Nice quick solution for small n. Gives wrong results for (at least some) n >= 69 (due to numerical problems). Check using f=fibonacci(1:n); d=diff(f); p=find(d(2:end)~=f(1:end-2),1)

Thanks for the great tool. Trying to find a way around "pull ins" when the regularizer has a significant low spatial frequency bias over extended areas... for example, around the top of a higly resolved gaussian peak with 'gradient'. Using a higher order regularizer doesn't help (I've implemented a 4th order gradient): that just gives a surface that's highly "puckered" around indiviual sample errors. Any ideas?

No, gridfit does not explicitly allow you to apply derivative constraints. That does not say it is impossible, only that I did not offer it as an option.
The main reason why not, is it would require a set of linear inequality constraints on the unknowns. For a not uncommon grid of size 100x100, there are 100*100=10000 unknowns to solve for. This is not a problem, since the linear system is a sparse one. However, to solve a sparse linear inequality constrained system, one would need to use LSQLIN, or a solver like it. And the last time I checked, LSQLIN was not set up yet to handle sparse large scale inequality constrained problems. (That may have changed with the most recent release, but I have not checked.) If I made all of the matrices full ones, the solve time would probably be incredibly slow and memory intensive.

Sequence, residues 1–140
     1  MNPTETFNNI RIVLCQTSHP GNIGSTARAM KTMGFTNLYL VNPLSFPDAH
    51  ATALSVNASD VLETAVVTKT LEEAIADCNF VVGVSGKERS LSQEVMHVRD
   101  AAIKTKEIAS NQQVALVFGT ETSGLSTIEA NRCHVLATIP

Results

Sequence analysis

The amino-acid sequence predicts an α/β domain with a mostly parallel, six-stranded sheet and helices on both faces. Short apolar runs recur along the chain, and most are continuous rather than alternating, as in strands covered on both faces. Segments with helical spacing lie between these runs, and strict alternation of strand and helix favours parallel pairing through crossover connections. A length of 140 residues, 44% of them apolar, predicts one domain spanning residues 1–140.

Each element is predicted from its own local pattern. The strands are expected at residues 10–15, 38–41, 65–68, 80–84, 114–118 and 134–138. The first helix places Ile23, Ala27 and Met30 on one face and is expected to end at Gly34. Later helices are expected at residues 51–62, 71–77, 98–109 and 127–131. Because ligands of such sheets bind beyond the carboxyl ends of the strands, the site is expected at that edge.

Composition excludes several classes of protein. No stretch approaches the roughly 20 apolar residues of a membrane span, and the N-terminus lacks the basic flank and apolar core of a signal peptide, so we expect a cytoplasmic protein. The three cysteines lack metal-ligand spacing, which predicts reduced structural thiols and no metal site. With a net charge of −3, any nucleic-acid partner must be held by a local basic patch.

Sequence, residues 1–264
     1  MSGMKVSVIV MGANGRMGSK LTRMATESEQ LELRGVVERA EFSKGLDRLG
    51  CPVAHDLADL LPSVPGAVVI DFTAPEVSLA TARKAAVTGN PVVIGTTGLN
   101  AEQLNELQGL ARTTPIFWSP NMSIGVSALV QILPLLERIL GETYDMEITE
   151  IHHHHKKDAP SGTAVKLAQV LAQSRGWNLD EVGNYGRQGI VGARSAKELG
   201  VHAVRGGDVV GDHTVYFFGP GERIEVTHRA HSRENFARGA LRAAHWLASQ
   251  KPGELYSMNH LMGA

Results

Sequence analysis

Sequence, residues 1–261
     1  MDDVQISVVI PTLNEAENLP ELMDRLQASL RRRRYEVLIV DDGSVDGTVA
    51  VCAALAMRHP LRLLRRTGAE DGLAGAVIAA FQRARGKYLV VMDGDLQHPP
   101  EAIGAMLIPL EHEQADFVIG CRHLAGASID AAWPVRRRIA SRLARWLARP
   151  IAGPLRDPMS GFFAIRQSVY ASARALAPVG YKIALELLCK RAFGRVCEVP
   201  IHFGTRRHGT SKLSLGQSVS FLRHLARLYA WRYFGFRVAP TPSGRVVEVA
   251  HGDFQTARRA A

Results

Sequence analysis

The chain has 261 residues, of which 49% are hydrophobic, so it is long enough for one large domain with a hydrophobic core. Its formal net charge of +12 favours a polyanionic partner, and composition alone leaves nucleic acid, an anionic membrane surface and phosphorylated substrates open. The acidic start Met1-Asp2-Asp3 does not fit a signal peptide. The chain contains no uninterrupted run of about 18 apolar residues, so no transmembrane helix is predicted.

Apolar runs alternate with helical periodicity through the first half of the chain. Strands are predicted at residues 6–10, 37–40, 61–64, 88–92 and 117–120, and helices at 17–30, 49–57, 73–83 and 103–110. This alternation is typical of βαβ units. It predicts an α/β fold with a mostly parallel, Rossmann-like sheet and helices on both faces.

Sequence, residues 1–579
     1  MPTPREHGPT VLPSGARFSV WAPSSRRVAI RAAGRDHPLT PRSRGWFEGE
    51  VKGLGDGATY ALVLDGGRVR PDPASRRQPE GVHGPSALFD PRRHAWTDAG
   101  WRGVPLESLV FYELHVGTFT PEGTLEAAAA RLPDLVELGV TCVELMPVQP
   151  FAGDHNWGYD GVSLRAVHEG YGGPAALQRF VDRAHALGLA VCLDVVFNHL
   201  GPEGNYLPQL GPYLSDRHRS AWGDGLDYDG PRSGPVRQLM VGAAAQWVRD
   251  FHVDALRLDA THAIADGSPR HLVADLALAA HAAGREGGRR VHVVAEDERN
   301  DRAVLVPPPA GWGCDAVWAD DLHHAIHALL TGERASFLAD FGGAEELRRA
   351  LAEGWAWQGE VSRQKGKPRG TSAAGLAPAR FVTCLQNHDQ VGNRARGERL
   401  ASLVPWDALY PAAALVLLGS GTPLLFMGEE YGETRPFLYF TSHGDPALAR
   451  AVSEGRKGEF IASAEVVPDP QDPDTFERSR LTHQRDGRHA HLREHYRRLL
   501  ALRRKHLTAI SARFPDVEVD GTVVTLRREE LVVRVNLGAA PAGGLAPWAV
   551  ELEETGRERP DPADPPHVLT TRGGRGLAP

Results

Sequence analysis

So I'm sorry, but gridfit will not handle the problem as is.
If you were willing to build a fairly coarse grid, AND add the constraint system, it would probably be doable in a reasonable time. I don't know how small the grid would need to be to make the solve time reasonable. And your definition of reasonable would surely differ from mine, depending on how badly you needed the answer.

Hey John, would gridfit allow me to constraint the slope of the fitted surface for a given range of data?
I'm needing to model a surface in the form of z(x,y) from scattered data points while keeping the first derivative of z negative in both directions.

I'm trying to make a surface approximation to describe the required input torque to drive a hydraulic motor operating under certain load conditions. My inputs are: output flow, output pressure and input shaft speed. I have scattered measurement data where the relationship between these variables are to be found. I read in some of the earlier posts that gridfit could be extended to higher-dimension fits. Do you have any version where a 3rd dimension can be included that I could try?

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10 Feb 2014

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